Albeit a lopsided first six encounters, five wins to one in favor of the Red Bulls, every time the sides meet is another opportunity to not only build the rivalry but also expand on the question: Is New York red or is it blue?

This has become a popular topic between supporters of each team and subsequently turned out to be a marketing dream for the clubs and MLS as a whole.

When it comes down to the on-field play, many of the same faces are still intact with their clubs from when the teams met a little over two years ago. David Villa and Bradley Wright-Phillips spearhead the attacks for their respective sides, but the star strikers have performed in very different manners in the previous derbies.

Wright-Phillips has scored an impressive eight goals in six MLS meetings against NYCFC, while Villa — who has 51 MLS goals — has just found the back of the net once against the Red Bulls.

Outside of the Red Bulls’ 7-0 thrashing last year, the majority of the matches between the two teams have been close encounters. And this time around should be no different.

The teams met just a week-and-a-half ago at RBA in a U.S. Open Cup match that saw the hosts narrowly come away with a 1-0 victory, which has been the story of the Red Bulls season thus far.

Only four Red Bulls players have scored goals in 2017, which in comparison to NYCFC’s 10 players is a stark difference. Patrick Vieira’s side has scored 12 more goals this season as well, which certainly plays into NYCFC’s hands, however, when these two clubs get together there’s been a noticeable struggle for NYCFC in the attacking third.

Vieira’s men have scored just five goals over the first two seasons of this matchup, while the Red Bulls have found the back of the net 18 times.

Here’s a brief breakdown of results when the two sides have met since 2015. (Winner in bold)

May 10, 2015 — Red Bulls 2-1 NYCFC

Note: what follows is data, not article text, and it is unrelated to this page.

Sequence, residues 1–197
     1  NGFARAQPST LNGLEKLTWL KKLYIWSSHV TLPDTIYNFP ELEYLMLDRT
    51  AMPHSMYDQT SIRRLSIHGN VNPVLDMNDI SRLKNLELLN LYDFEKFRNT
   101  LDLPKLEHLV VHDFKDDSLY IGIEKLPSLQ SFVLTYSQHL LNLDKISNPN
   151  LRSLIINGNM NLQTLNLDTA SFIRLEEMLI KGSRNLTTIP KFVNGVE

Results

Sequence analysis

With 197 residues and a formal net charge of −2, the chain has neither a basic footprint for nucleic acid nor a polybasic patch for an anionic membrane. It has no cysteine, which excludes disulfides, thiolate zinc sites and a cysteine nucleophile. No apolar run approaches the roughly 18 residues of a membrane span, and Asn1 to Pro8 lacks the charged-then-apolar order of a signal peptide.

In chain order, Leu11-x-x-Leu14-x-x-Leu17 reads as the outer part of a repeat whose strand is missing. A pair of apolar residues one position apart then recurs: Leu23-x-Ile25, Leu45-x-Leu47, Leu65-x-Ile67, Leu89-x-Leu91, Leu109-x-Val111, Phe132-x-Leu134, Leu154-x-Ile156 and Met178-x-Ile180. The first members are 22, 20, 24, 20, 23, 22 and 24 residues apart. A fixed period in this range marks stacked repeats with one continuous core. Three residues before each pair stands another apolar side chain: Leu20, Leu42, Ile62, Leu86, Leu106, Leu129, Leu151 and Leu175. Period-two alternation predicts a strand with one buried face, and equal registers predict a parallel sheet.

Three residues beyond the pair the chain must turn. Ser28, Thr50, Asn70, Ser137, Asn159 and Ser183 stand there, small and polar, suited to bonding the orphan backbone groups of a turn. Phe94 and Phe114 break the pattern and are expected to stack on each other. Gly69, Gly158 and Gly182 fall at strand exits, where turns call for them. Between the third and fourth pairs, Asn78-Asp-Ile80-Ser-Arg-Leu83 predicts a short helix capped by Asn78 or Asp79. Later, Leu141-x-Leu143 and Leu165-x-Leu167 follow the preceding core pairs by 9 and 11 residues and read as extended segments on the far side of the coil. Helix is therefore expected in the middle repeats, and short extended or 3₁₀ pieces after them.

June 28, 2015 — NYCFC 1-3 Red Bulls
August 9, 2015 — Red Bulls 2-0 NYCFC
May 21, 2016 — NYCFC 0-7 Red Bulls
July 3, 2016 — NYCFC 2-0 Red Bulls
July 24, 2016 — Red Bulls 4-1 NYCFC
June 14, 2017 — Red Bulls 1-0 NYCFC (U.S. Open Cup match)

MLS at Week 17: New York Derby headlines host of intriguing fixtures

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It’s hard to believe the MLS regular season is already halfway done, but that’s the truth.

Two Eastern Conference sides continue to dazzle in the Supporters’ Shield race, and while one of them was expected to have success in 2017 the other is putting on a surprise performance for the ages.

The Texas Derby will kick off one of several rivalry matches this weekend, while will be headlined by Saturday afternoon’s clash at Red Bull Arena between the New York Red Bulls and New York City FC.

The weekend will come to a close late on Sunday night when a Cascadia rivalry is renewed as the Portland Timbers host the Seattle Sounders in a critical Western Conference bout.

[ FOLLOW: All of PST’s MLS coverage ]

Here’s a full look at the MLS docket ahead of a busy weekend.

Toronto FC vs. New England Revolution — 8 p.m. ET Friday

The Revs spoiled TFC’s impressive unbeaten run just two weeks back but Toronto is back on track and once again looks like the best side in MLS. Jay Heaps and Co. will likely have a difficult time north of the border when these sides meet at BMO Field.

Houston Dynamo vs. FC Dallas — 9 p.m. ET Friday

The first rivalry matchup takes place down in Texas this weekend and few would’ve thought that Houston would be sitting above Dallas in the Western Conference standings to this point. Led by goalscorer Erick “Cubo” Torres and his 10 finishes this season, the Dynamo have been one of the most potent attacks in MLS in 2017. Dallas’ backline has been a stalwart though through 15 matches, with the club only allowing 14 goals (second-fewest in MLS).

New York Red Bulls vs. New York City FC — 1:30 p.m. ET Saturday

NYCFC has undoubtedly been the better of the two sides as the MLS season nears the halfway point, but to say this rivalry has been one sided in its now third year is an understatement. The Red Bulls have won seven of their eight matchups against their Bronx foes across all competitions, including last week’s U.S. Open Cup win at Red Bull Arena. Patrick Vieira and Co. will be seeking their first win at RBA on Saturday, while also attempting to create some separation from the Red Bulls in the Eastern Conference table.